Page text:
Dick Cheney, economist

It is an interesting exercise to read Dick Cheney’s new memoir, In My Time, amid the anti-Wall Street bailout and anti-deficit clamour among many Republicans in Washington and on the campaign trail.

Cheney writes of his support for the the $700 billion Troubled Assets Relief Program (TARP):

“I had long been an advocate of keeping government intervention in the private sector to a minimum. What we were now talking about now was the largest such intervention in the history of the republic, and I was a strong supporter.  […] There was no other option.”

Knowing that Republicans in Congress would hate it, the administration even considered acting unilaterally:

“We briefly contemplated not seeking congressional authority. […] [Federal Reserve Board Chairman] Ben Bernanke made clear, however, that he would feel much more comfortable with congressional approval, so we went to work trying to secure it.”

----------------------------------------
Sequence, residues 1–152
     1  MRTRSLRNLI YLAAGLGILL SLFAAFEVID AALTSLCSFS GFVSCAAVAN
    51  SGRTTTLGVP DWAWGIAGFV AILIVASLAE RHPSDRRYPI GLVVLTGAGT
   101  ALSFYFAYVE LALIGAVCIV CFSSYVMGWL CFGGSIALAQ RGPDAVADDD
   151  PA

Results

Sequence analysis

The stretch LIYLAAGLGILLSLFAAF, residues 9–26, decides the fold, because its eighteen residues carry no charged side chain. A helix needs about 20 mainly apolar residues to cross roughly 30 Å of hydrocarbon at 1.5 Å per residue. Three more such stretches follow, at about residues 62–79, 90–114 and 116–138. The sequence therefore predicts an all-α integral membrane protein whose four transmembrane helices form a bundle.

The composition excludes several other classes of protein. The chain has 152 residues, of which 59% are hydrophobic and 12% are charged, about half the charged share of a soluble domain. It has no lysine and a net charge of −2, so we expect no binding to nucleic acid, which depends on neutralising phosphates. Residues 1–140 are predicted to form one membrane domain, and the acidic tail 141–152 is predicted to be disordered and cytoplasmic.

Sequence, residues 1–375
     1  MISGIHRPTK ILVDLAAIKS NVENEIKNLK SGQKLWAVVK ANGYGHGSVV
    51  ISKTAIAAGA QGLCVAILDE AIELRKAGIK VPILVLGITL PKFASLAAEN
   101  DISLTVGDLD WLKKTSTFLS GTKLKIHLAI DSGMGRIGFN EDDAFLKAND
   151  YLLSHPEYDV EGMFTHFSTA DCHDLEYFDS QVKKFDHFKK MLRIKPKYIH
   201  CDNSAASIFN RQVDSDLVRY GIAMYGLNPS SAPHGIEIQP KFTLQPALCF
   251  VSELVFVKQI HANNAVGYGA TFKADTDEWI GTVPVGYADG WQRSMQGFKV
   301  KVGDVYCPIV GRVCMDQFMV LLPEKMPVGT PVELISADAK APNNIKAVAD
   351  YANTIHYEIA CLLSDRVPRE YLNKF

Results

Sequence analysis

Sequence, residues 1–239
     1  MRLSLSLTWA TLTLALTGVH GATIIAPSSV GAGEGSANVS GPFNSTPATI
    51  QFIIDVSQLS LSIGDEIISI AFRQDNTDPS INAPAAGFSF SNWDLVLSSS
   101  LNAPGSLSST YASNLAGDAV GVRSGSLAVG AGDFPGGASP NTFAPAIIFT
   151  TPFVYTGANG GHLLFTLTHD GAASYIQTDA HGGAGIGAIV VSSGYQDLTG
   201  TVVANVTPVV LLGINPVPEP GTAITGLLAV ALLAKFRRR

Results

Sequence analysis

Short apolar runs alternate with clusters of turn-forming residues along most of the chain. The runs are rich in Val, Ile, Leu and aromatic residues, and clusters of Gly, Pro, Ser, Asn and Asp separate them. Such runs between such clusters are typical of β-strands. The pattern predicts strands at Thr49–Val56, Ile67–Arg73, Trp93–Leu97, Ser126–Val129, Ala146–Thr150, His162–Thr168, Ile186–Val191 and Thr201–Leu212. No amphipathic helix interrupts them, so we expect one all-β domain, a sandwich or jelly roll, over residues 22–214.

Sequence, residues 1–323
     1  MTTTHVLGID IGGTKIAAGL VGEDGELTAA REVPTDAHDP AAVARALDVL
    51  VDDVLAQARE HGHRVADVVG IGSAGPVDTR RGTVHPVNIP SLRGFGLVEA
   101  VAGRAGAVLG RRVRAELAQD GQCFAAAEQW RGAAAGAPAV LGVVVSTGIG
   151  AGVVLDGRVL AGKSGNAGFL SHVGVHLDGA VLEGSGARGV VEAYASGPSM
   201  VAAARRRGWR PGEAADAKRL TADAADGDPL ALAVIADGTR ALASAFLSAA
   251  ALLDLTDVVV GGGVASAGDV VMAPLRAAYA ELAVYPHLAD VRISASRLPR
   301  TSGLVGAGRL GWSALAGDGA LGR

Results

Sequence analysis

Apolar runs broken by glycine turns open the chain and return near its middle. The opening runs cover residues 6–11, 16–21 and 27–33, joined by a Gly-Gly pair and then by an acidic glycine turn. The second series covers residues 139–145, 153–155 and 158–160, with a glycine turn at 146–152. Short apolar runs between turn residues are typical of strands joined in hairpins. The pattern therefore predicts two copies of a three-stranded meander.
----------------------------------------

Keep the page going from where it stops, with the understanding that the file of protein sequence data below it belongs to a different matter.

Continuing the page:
Cheney goes on to defend the bailout of the banks as a “success.”

As for the Bush-Cheney administration’s contribution to the federal deficit, he writes about the resistance they faced in 2003 when they proposed a $550-billion second round of tax cuts. A few Republicans were worried about the cuts adding to the deficit:

“I have been quoted as saying around this time that ‘deficits don’t matter’ and citing Ronald Reagan to bolster the case, but of course I thought deficits mattered. I just believed that it was important to see them in context, to note that while Ronald Reagan’s dramatic increases in the defense budget and his historic tax cuts did push the deficit from 2.7 percent of the gross domestic product in fiscal year 1980 to 6 percent in fiscal year 1983, his spending on defense helped put the Soviet Union out of business, and his tax cuts helped spur one ofthe longest sustained waves of properity in our history. The result was a peace dividend, increased federal revenues, and, eventually, lower deficits.”

Not much of a Tea Partier, that Cheney.



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